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Title: Heavy oil upgrading through oxidative cracking in near-critical and supercritical water
Author: Arcelus Arrillaga, Pedro Manuel
ISNI:       0000 0004 7233 1167
Awarding Body: Imperial College London
Current Institution: Imperial College London
Date of Award: 2016
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The gradual decline in conventional oil production combined with an increasing world energy demand has made the production and upgrading of heavy and extra heavy oil feedstocks crucial for the future of the global energy market. Properties of heavy oil such as high viscosity and high specific gravity as well as the high percentage of asphaltenes, heteroatoms and metals cause severe problems during extraction and refining processes. As a result, traditional upgrading technologies are not suitable as a standalone method to process these feedstocks. This makes necessary the development of alternative or complementary technologies to process heavy oil feedstocks in a more efficient and environmentally friendly way. This work is aimed to study an alternative heavy oil upgrading process that takes advantage of the unique properties of water at near-critical and supercritical conditions as reaction medium to perform the oxidative cracking of heavy oil feedstocks. The process consists of three main stages including the partial oxidation, cracking of the molecule, and removal of part of the oxygen incorporated from the final product. The process was studied using phenanthrene and methyl naphthalene as heavy oil model compounds and also Maya oil vacuum residue as real feedstock. This was performed in a purposely built microbomb batch reactor and an oxidative cracking flow reactor. The effect of the main process variables and the potential reaction pathways were studied with model compounds. Then the process was tested with real feedstock and the inclusion of a zeolite based catalyst to enhance yields to light oil was considered. It was found that process conditions have an important influence in the yield and selectivity to different product fractions. Optimum conditions to maximize the production of organic soluble products were determined. It was observed that polycyclic aromatic hydrocarbons were not reactive in the absence or at low concentration of reactive oxygen species. However, oxygenated intermediates continued to react in water alone. In addition, it was observed that intermediate products were mainly oxygenated compounds and that the oxygenation proceeded preferentially through central rings. A hydrogen rich gas product was obtained. Experiments with vacuum residue showed that high yields to liquid products with low boiling point are obtained keeping low yields to coke at most conditions studied. The addition of a zeolite based catalyst showed improvement in the process, increasing the yield to light oil and reducing the average molecular weight of the product. Heteroatoms and metals present were mainly removed as coke and showed to be relatively stable.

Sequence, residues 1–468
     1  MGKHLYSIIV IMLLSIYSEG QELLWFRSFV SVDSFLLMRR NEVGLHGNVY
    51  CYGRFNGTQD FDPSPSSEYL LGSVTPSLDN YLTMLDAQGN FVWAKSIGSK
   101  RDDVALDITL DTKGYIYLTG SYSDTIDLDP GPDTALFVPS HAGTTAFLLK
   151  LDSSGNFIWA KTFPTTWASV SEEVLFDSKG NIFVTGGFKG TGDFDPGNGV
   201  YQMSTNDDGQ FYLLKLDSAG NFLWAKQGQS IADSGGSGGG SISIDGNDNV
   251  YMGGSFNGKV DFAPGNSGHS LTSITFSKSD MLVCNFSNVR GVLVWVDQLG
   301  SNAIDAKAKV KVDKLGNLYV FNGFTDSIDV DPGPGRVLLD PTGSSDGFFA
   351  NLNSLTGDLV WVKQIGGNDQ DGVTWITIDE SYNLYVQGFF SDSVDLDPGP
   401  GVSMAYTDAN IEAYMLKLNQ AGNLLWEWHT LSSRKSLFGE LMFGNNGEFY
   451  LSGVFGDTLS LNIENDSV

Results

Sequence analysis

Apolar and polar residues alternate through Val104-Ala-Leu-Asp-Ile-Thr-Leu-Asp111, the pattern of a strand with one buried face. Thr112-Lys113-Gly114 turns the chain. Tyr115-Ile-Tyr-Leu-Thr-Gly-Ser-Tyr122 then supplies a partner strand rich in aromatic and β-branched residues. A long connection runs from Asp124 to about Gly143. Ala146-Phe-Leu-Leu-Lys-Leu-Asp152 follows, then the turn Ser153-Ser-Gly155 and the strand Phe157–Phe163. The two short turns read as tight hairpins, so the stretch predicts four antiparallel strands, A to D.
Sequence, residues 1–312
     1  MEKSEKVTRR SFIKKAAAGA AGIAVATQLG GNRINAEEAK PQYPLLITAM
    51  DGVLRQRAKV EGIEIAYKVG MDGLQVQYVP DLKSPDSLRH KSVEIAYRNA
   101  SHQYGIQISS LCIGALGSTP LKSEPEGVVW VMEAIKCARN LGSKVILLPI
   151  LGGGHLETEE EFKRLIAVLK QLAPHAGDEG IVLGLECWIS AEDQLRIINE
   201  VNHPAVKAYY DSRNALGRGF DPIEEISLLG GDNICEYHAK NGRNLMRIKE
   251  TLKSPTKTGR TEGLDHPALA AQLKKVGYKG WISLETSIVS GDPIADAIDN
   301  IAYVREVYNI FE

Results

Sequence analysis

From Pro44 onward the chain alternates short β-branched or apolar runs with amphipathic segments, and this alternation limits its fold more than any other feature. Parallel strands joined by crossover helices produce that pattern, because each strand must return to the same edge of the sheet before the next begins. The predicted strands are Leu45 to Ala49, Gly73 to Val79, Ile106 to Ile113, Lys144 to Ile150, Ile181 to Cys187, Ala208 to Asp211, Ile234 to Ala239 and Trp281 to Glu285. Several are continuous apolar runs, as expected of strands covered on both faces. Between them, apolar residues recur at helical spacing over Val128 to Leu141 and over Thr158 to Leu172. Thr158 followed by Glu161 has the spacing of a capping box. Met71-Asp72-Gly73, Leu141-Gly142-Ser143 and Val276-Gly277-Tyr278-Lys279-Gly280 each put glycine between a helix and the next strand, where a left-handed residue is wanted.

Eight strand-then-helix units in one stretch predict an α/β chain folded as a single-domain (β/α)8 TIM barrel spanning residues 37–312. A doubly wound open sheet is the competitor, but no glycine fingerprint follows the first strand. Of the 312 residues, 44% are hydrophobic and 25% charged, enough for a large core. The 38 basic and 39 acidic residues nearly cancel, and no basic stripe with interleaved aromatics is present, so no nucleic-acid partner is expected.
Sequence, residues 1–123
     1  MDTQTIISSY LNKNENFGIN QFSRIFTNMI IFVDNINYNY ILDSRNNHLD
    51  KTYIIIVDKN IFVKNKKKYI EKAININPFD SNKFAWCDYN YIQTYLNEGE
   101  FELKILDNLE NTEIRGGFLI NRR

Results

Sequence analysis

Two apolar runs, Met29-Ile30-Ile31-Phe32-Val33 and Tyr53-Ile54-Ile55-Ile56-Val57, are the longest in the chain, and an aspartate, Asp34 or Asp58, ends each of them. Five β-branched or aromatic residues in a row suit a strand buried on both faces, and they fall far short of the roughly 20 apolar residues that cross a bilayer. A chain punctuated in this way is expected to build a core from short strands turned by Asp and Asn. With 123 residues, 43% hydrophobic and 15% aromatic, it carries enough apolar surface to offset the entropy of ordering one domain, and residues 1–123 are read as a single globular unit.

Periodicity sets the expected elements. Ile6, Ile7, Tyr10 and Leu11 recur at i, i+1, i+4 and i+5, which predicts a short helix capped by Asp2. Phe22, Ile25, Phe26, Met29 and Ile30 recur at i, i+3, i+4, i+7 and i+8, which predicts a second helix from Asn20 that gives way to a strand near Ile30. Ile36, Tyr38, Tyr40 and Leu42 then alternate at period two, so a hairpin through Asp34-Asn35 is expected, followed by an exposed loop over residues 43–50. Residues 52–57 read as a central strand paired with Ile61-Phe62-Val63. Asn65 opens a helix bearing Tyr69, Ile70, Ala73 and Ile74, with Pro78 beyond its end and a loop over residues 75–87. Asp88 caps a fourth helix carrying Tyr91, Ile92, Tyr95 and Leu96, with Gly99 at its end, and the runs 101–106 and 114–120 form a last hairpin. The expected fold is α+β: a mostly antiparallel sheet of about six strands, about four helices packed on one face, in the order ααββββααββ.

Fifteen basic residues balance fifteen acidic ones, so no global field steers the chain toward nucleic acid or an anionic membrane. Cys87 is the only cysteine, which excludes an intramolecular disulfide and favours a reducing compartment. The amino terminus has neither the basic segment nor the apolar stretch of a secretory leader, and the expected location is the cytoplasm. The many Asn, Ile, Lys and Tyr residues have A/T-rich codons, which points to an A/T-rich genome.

Supervisor: Millan Agorio, Marcos ; Hellgardt, Klaus Sponsor: Consejo Nacional de Ciencia y Tecnologia (Mexico)
Qualification Name: Thesis (Ph.D.) Qualification Level: Doctoral